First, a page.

US colleges post biggest drop in foreign enrolment in 16 years

Foreigners account for 5.5 per cent of all students enrolled in higher education, according to Open Doors. PHOTO: REUTERS

WASHINGTON (BLOOMBERG) - US universities experienced the biggest enrolment drop among international students in 16 years, even before Covid-19 ravaged the globe - a sign of how the Trump administration's immigration policies have hurt American higher education.

Attendance slid 1.8 per cent in the 2019-20 academic year to 1.08 million, according to the Open Doors report released on Monday (Nov 16) by the non-profit Institute of International Education. That's the third-biggest drop in the report's almost 70-year history.

"This is largely driven by the unwelcoming message" from the federal government under President Donald Trump, said Professor Donald Heller, an education lecturer at the University of San Francisco.

The decline is certain to be much bigger in the current academic year as the pandemic curbed international travel and visa issuance. Data this month from the National Clearinghouse Research Centre shows that undergraduate and graduate enrolment declined 15 per cent and 7.8 per cent, respectively, for the fall semester.

Colleges have expressed alarm about international admissions for most of Mr Trump's presidency, saying it has discouraged foreign students from attending US schools, once viewed as the platinum standard of higher education. The administration's policies and proposals are prompting them to consider other destinations.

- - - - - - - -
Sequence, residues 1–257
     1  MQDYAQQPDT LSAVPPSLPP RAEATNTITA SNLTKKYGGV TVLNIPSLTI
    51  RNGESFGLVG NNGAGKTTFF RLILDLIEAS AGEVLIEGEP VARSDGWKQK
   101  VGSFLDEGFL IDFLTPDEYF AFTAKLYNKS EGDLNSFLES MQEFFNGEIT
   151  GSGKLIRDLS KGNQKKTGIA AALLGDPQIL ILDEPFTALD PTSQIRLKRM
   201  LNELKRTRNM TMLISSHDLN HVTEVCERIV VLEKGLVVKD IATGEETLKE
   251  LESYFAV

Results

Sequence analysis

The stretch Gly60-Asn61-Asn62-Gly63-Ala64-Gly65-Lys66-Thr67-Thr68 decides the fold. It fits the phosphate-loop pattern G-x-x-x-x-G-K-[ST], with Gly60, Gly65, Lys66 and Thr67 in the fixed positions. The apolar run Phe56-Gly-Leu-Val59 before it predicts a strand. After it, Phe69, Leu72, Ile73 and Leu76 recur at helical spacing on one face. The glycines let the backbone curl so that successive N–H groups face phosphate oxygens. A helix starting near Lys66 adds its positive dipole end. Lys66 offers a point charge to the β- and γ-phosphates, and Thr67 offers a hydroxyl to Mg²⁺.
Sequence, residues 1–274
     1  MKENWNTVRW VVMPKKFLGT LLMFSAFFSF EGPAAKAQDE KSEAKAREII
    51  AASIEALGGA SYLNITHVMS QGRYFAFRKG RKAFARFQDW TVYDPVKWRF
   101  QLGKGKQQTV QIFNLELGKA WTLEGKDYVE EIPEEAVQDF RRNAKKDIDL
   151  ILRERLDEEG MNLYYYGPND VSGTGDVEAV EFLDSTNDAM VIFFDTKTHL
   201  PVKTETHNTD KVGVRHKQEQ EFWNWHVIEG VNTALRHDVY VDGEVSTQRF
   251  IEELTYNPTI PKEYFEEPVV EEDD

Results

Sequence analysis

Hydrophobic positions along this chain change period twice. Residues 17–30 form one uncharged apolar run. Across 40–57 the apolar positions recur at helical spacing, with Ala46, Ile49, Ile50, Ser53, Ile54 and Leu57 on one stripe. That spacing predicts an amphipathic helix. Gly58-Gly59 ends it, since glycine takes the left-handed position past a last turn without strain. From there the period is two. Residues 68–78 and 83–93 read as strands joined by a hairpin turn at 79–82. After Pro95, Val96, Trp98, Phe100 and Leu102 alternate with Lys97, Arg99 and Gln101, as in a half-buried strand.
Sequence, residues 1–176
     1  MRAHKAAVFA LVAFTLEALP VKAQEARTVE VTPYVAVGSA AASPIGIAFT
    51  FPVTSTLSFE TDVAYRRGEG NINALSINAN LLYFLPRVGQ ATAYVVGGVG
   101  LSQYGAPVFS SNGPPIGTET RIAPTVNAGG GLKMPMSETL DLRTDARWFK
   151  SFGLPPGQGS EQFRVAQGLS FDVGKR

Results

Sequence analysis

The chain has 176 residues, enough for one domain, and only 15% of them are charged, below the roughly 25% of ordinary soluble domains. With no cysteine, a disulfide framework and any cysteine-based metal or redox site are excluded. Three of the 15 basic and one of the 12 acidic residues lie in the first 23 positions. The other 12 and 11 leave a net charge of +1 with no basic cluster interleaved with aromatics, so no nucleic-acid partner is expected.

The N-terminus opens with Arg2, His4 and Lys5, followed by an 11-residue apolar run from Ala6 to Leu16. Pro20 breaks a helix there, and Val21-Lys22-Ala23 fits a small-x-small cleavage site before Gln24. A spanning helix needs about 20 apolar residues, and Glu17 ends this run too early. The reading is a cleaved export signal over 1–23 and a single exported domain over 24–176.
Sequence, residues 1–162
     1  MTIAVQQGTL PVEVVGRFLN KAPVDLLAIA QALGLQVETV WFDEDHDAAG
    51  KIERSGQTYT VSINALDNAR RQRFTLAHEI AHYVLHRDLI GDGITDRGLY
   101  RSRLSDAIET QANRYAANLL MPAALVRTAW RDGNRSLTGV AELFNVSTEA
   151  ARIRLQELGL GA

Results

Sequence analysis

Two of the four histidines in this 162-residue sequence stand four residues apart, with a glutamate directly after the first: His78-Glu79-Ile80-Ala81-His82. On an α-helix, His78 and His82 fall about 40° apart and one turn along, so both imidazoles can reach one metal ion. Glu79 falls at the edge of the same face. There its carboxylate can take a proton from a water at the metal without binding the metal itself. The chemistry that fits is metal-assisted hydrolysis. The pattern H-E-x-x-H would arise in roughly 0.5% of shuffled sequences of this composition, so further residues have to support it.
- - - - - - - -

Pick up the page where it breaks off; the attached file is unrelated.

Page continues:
A measure of the economic benefits that foreign students bring to the US fell for the first time in the more than two decades that it has been tracked by Nafsa: Association of International Educators.

Such students contributed US$38.7 billion (S$52.1 billion) to the US economy in 2019-20, down from almost US$41 billion a year earlier, according to the trade group.

"What immigrants contribute to this country in terms of talent, energy and economics really fell flat with this administration," said Ms Rachel Banks, Nafsa's senior director for public policy and legislative strategy.

"That's one of the hopeful things with a change in administration."

President-elect Joe Biden has promised to reverse many of Mr Trump's policies, including some of his immigration rules.

Foreigners account for 5.5 per cent of all students enrolled in higher education, according to Open Doors. In addition to the diverse cultures they bring to campus, they're also attractive to US colleges because many pay full price. Prof Heller said schools now may need to offer tuition discounts to continue attracting them.

Enrolment at US universities for students from Saudi Arabia tumbled 16.5 per cent, the most of any country, primarily because of changes to that government's scholarship programme, according to the Open Doors report.

Saudi Arabia isn't subject to Mr Trump's travel ban, yet the policy probably contributed to the enrolment declines from that nation, Prof Heller said.

"Students from predominantly Muslim countries are going to be taking a second look at the US and asking if this is the place they want to be," he said.

China remained the top country of origin during the last school year with 373,000 students, an increase of 0.8 per cent from the previous year, or 36 per cent of the total.

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